Diaspora Bureaucracy? Formalizing emigrant engagement and the evolution of Mexico’s 3x1 Program

Authors: Aaron Malone*, University of Colorado
Topics: Migration, Development, Immigration/Transnationalism
Keywords: migration, development, diaspora, transnationalism, policy mobilities
Session Type: Paper
Day: 4/13/2018
Start / End Time: 10:00 AM / 11:40 AM
Room: Napoleon A1, Sheraton, 3rd Floor
Presentation File: No File Uploaded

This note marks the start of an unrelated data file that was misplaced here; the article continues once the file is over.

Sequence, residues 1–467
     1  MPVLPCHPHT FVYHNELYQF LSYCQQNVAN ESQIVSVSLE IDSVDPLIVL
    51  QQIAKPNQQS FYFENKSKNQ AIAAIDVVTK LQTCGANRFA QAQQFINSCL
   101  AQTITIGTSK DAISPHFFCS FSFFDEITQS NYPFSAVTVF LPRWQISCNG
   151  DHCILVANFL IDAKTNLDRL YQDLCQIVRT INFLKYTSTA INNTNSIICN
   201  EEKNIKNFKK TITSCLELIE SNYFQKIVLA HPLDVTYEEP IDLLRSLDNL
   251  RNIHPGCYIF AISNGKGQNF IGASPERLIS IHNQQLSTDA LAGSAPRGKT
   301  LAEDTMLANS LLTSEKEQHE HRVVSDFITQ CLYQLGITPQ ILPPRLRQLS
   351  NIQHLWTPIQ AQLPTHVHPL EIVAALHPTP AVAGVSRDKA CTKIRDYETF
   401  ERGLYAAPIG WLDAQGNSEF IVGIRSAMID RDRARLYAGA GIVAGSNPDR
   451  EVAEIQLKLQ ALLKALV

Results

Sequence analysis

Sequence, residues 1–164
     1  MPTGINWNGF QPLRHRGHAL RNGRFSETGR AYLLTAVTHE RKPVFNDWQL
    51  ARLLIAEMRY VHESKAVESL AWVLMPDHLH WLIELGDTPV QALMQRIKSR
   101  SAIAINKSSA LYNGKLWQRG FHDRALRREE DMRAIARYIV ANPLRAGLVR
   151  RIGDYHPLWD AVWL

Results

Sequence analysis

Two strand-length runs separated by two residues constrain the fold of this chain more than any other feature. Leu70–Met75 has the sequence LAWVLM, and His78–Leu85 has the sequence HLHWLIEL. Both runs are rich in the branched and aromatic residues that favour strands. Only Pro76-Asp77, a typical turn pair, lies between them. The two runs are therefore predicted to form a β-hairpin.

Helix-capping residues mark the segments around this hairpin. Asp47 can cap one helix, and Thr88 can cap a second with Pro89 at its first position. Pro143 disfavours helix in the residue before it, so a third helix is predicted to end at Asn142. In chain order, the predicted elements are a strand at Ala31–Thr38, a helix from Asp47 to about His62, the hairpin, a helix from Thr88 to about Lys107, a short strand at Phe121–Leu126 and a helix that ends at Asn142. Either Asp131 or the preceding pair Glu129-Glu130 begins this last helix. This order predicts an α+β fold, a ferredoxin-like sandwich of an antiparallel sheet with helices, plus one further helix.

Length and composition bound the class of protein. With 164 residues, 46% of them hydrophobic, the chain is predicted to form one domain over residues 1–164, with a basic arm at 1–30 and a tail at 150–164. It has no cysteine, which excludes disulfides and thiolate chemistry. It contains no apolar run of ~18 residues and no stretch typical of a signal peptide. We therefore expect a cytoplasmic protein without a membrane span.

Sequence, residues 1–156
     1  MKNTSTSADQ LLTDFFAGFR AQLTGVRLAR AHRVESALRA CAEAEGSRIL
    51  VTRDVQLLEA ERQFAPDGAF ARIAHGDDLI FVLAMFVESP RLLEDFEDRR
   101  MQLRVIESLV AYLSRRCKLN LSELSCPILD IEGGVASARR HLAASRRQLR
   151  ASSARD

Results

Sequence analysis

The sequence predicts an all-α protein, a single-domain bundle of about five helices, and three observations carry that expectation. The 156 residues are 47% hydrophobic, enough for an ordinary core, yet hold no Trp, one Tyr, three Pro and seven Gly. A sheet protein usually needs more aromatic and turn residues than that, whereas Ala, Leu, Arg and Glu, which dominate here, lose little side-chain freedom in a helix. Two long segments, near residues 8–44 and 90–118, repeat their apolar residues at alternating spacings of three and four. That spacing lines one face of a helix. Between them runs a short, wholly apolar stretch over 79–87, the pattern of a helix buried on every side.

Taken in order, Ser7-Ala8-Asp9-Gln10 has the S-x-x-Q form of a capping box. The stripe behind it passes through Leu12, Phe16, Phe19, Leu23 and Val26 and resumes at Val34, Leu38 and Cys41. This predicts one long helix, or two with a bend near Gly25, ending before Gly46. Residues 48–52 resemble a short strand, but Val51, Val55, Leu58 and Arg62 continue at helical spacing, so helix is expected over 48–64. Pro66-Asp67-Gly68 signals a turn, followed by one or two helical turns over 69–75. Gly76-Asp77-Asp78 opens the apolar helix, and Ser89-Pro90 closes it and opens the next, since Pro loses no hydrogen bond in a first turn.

Recent decades have seen rapid growth of diaspora strategies – efforts by migrant-sending countries to engage their emigrants abroad, under the assumption they can contribute toward development goals. There has also been a formalization of diaspora engagement efforts and the emergence of new agencies and programs. I examine how the formalization and bureaucratization of diaspora-state engagement has influenced relations between migrants, migrant organizations, sending communities, and sending-area governments. I focus on the example of Mexico’s 3x1 Program, a matching grant scheme through which the Mexican government partners with migrant organizations to build infrastructure in migrants’ hometowns. The 3x1 Program’s institutionalization has created gaps between policy and practice, yielding numerous unintended consequences. I show how these issues emerged across multiple levels. Most fundamentally, the basic assumptions built into the policy model romanticize migrant organizations and create unrealistic expectations for their involvement. Secondly, the mechanics of program operations also create mismatches between mandated processes and practical limitations the stakeholder groups face. These problems are known to officials, yet change to the program has been minimal over its fifteen years of operation. The contradictions and issues in the functioning of the 3x1 Program provide insights into Mexico’s relationship to its diaspora. Though presented as a community development program, the practical goals seem to center on a ceremonial embrace of migrants and a strategic strengthening of hometown-focused migrant organizations abroad, while the actual development projects are mostly left to hometown mayors and business-as-usual processes.

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